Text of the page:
A quarter of Singaporean employees seek new jobs in 2020

It is set to be a challenging year for employee retention in 2020 as about a quarter of Singaporean employees are looking to change jobs.
By: | December 6, 2019

2020 is set to be a tough year for employee retention in Singapore as about a quarter of Singaporean office workers intend to jump ship.

According to a report by recruiter Robert Half, a staggering 27% of the workforce in the republic plan to look for a new job in 2020 while 61% of the rest say they would be open to a new job if being headhunted.

The report, which surveyed 1000 office workers in Singapore, further shows that job hopping is more prevalent among the millennial workforce.

Office workers were asked “Do you plan to look for a new job in 2020?”. Their responses:

Total Age
18-34 35-54 55+
Yes 27% 37% 34% 15%
Maybe 46.5% 44% 45% 35.5%
No 26.5% 19% 21.5% 49.5%

Office workers were asked “Would you be open to consider a new job opportunity if you would be approached by a hiring manager/recruiter?”. Their responses:

Total Age
18-34 35-54 55+
Yes 61.5% 68% 57% 46%
No 38.5% 32% 43% 54%

Matthieu Imbert-Bouchard, Managing Director at Robert Half, believes job hopping has become a trend and the challenge for companies is not just about attracting talents, but retaining them as well.

“While attracting talented professionals in a skills-short market is challenging, retaining employees is equally as challenging. Job hopping has become more common, especially with millennial employees who tend to switch jobs on average every three to four years,” he said.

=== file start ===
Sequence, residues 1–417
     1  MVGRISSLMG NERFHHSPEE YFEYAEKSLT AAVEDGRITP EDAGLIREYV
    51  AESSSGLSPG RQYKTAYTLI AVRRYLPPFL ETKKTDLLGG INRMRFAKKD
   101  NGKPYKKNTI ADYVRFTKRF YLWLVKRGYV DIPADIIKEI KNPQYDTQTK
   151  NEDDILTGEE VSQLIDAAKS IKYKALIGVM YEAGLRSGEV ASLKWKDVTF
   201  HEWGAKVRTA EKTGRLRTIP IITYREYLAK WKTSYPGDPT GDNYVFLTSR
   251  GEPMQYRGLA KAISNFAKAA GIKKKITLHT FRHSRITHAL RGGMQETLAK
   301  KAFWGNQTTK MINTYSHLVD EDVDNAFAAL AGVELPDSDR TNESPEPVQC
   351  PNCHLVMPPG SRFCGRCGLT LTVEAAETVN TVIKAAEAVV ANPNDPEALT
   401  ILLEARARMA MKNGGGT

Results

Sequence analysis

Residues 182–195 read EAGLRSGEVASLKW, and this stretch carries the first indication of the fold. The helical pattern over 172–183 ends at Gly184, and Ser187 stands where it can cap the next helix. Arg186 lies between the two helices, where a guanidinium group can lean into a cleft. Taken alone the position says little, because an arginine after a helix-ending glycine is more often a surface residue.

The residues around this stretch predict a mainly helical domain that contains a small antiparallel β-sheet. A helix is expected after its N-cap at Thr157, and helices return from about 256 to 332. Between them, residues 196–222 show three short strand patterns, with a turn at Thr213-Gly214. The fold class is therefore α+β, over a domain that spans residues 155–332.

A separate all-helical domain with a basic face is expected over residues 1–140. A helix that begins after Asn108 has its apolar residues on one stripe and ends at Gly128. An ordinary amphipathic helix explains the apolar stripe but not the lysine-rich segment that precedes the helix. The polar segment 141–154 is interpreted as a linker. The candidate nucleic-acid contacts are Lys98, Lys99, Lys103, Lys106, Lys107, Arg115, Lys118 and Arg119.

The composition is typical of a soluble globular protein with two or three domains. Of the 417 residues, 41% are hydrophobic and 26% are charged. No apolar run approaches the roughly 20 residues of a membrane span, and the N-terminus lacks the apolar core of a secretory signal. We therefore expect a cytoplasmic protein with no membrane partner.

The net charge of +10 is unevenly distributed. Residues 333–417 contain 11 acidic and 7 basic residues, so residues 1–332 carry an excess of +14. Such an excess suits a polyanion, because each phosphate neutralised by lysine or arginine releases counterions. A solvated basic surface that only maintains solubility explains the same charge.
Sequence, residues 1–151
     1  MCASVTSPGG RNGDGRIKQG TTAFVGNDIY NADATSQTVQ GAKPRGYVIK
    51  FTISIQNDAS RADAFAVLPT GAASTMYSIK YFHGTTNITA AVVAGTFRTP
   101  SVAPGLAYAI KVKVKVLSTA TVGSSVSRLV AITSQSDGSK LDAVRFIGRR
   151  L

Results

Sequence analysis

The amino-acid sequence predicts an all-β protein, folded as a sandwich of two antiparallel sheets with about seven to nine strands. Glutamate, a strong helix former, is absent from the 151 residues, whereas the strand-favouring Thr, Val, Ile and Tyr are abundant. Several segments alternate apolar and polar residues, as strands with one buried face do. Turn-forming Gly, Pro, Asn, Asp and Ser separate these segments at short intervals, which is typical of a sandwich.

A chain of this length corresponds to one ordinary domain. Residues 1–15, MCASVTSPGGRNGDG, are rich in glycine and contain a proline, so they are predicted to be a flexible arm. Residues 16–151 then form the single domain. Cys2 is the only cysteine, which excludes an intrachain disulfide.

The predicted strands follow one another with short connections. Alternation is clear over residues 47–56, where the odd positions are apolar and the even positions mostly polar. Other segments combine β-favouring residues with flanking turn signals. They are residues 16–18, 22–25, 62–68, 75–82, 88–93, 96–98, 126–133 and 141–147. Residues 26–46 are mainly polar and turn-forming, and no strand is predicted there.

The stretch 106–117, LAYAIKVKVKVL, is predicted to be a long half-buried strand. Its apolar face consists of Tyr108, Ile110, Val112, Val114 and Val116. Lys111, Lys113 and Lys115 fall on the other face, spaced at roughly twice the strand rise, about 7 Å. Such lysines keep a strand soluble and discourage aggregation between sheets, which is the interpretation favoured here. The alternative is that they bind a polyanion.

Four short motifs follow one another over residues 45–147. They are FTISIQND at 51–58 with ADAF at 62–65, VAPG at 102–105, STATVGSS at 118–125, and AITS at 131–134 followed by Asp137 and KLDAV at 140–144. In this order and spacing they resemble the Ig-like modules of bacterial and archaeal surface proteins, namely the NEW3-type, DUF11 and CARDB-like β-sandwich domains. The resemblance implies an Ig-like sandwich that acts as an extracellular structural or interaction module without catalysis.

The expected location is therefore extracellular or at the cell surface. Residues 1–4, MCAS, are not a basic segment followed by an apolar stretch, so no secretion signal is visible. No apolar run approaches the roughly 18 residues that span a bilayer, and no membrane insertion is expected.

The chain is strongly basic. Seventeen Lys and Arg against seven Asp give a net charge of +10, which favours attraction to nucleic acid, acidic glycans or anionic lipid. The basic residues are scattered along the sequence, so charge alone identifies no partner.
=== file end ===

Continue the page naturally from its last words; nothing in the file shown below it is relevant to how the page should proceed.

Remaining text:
“In order to secure the best talent, many businesses are actively targeting and trying to poach professionals from competing organisations. Employees are generally open to discussing new career opportunities, even when they are not actively looking for a new job, further highlighting the challenge of retaining staff in a role.”

He also believes that companies need to rethink their recruitment and retention strategies to tailor them to their employees and talents.

“Employers need to work on their attraction and retention strategies in tandem as the same qualities that can attract top talent can also act as barriers to existing talent moving to a competitor,” he said.

“Employers can carve a competitive point of difference from other organisations who are fighting for the same top talent by learning what motivates their most valued employees and customising their recruitment and retention strategies.”

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